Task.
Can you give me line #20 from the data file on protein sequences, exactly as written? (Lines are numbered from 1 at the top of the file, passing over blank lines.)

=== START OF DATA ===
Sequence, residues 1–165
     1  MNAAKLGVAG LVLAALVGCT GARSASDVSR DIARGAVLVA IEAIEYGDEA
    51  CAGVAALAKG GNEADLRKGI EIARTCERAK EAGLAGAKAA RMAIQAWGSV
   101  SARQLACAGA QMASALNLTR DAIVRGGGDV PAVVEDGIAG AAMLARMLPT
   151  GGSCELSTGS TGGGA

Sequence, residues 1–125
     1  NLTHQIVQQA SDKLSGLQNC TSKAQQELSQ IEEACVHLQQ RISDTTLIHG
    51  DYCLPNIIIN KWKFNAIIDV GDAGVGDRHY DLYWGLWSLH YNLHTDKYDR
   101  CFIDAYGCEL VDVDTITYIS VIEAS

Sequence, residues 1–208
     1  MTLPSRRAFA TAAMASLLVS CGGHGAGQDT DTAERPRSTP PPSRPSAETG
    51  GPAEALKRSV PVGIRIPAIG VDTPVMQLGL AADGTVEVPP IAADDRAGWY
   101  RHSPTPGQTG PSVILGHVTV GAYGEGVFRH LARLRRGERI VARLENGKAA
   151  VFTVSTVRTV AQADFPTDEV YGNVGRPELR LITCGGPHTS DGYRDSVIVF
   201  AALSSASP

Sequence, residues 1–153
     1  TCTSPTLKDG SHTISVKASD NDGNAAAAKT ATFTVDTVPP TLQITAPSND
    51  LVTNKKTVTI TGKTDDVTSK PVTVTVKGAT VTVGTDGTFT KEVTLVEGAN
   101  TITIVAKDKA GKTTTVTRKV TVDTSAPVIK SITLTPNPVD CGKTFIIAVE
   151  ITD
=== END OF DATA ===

   151  ITD